After Beyoncé released her new single, "Bow Down / I Been On," Rush Limbaugh, of all people, hurried to herald a change in the singer's career path. "Beyoncé used to be the lead for a three-girl group called Destiny's Child. And their songs were attempts to inspire young women not to take any grief from men," Limbaugh explained to his listeners. But now, he said:
She's got a new song, 'Bow down, bitches,' a total 180...Beyoncé's now saying, 'go ahead and put up with it.' And you know why? I'll tell you why. Because she got married—she married the rich guy. She's even calling herself "Mrs. Carter" on the tour. She has shelved "Beyoncé"...because why? Because she married the rich guy. She now understands its worthwhile to bow down.
Various folks have said that Limbaugh is misinterpreting Beyoncé's lyrics. But it's pretty clear from the audio that he's not interpreting the lyrics at all, and probably never listened to them. His riff is based on Felicity Capon's piece in The Telegraph, where she expresses disappointment at what she sees as Beyoncé's new, less-than-feminist direction.
... this will still come as a shock to long-term Beyoncé fans. It seems that overnight we've been transformed from Beyoncé's beloved single ladies, independent women and survivors, into her bitches. From Beyoncé singing, "all the women, independent, throw your hands up at me" to "bow down bitches" a change is underway, and it leaves a bitter taste in the mouth.
Capon thinks Beyoncé's change is disappointing; Limbaugh thinks it's good—or at least funny, since it makes some feminist somewhere unhappy. But they both agree (Capon because she's a long time fan, Limbaugh because he read Capon and doesn't care enough about it to form his own opinion) that there has been a change.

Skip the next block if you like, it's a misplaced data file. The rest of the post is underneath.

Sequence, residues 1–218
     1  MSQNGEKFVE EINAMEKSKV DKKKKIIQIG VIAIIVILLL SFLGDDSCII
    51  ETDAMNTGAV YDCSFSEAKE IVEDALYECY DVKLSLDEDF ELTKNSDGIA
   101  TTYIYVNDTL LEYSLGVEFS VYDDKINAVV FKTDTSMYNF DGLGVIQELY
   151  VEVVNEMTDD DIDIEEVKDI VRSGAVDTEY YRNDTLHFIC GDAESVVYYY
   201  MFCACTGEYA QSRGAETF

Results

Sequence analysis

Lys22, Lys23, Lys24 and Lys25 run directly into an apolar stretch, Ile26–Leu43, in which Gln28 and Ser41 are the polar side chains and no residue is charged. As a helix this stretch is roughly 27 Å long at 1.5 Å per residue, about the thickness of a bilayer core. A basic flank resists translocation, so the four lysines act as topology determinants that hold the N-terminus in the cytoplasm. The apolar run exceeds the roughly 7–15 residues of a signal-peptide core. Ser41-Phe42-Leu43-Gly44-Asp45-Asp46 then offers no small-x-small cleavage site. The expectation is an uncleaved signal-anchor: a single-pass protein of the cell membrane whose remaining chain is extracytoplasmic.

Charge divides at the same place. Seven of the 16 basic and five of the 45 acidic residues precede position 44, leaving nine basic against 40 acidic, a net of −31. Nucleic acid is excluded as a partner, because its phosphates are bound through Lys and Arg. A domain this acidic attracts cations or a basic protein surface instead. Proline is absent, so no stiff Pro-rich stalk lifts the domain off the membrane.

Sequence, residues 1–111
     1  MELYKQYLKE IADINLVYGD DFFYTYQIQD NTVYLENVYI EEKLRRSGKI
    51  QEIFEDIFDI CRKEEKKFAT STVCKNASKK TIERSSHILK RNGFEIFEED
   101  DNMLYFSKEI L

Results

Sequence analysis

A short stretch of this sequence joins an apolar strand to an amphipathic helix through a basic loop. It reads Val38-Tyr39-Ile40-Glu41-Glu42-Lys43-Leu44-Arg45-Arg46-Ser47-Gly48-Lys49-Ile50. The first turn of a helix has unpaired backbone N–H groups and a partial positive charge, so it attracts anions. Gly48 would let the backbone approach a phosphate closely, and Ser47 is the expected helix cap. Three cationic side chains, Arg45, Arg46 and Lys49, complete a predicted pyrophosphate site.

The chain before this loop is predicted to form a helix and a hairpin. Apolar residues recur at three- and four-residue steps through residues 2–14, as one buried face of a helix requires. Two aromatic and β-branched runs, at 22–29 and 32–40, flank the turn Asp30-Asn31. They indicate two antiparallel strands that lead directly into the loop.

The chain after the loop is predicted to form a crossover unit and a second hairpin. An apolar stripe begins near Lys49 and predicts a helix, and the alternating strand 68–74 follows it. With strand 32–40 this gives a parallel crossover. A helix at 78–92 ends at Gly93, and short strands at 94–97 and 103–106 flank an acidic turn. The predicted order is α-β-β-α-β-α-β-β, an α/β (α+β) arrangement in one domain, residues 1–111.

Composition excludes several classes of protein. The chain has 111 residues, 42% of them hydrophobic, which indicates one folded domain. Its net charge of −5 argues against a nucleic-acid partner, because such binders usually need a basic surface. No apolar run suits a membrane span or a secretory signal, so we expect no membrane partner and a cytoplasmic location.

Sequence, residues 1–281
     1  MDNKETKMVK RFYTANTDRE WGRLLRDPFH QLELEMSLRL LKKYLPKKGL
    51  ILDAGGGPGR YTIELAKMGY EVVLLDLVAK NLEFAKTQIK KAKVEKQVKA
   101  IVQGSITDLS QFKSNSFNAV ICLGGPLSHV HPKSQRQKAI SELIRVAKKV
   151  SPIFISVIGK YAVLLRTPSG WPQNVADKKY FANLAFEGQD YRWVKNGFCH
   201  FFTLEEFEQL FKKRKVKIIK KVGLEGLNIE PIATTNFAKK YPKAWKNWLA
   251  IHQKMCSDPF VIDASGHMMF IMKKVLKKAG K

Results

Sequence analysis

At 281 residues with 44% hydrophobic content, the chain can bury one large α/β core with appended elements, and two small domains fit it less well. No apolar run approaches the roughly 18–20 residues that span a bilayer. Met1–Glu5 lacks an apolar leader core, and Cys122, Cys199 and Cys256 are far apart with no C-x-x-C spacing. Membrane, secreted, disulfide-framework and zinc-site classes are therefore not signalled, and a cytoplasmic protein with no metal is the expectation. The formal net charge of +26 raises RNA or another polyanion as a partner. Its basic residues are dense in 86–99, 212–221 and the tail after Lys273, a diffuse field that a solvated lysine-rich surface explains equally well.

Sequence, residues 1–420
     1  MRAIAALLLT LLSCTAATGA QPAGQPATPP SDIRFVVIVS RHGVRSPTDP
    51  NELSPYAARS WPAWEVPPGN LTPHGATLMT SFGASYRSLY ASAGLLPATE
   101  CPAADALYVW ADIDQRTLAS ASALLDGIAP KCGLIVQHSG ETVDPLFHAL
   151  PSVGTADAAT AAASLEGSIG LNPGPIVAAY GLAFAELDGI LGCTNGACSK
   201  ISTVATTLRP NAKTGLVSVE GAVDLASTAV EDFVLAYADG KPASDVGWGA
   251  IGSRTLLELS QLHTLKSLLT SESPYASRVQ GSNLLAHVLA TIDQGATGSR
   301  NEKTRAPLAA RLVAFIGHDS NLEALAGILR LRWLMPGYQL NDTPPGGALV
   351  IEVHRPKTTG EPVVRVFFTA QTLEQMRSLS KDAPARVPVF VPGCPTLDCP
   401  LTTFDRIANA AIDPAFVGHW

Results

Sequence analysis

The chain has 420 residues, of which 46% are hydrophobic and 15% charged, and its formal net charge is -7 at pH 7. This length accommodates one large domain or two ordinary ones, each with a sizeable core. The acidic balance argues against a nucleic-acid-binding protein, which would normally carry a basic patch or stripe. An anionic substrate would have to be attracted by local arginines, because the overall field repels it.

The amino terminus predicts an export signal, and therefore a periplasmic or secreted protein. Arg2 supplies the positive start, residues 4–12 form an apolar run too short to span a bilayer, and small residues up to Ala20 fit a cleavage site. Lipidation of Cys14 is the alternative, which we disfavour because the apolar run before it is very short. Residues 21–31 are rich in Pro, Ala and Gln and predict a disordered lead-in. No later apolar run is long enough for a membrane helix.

I'm not so sure. It's certainly the case that Beyoncé's always had a girl-power element to her music, and she's always cheered on "Independent Women," as Capon says. But it's also true that one of the ways that Beyoncé has often shown that she is herself an independent women is by lyrically kicking her sisters.
Capon, for instance, cites the Destiny's Child song "Survivor" as an example of Beyoncé reaching out to tell women that they are strong. But that song wasn't about bonding and overcoming. It was about how much Beyoncé hated her former bandmates, LeToya and LaTavia, and about how she, Beyoncé, was going to survive the fact that she'd dumped them from the band with no warning. It's a breathtaking farrago of self-aggrandizement, self-pity, and aggressive assholery worthy of Limbaugh himself. And while it suggests a kind of girl power, I suppose, that girl power seems focused on empowering Beyoncé first, and any other women a distant second.
"Survivor" isn't an aberration, either. Beyoncé's career is littered with such moments. There's the bizarrely un-self-aware slut-shaming of Destiny Child's "Nasty Girls," in which Beyoncé, of all people, tells other women to "put some clothes on." Or there's the vapid, bloated boasting in "I Was Here" from her last album, 4. Beyoncé doesn't diss, or even mention other women in the song, but it's a reminder that Beyoncé's commitments to female strength and female independence, however real—always come with a large dollop of self-absorption.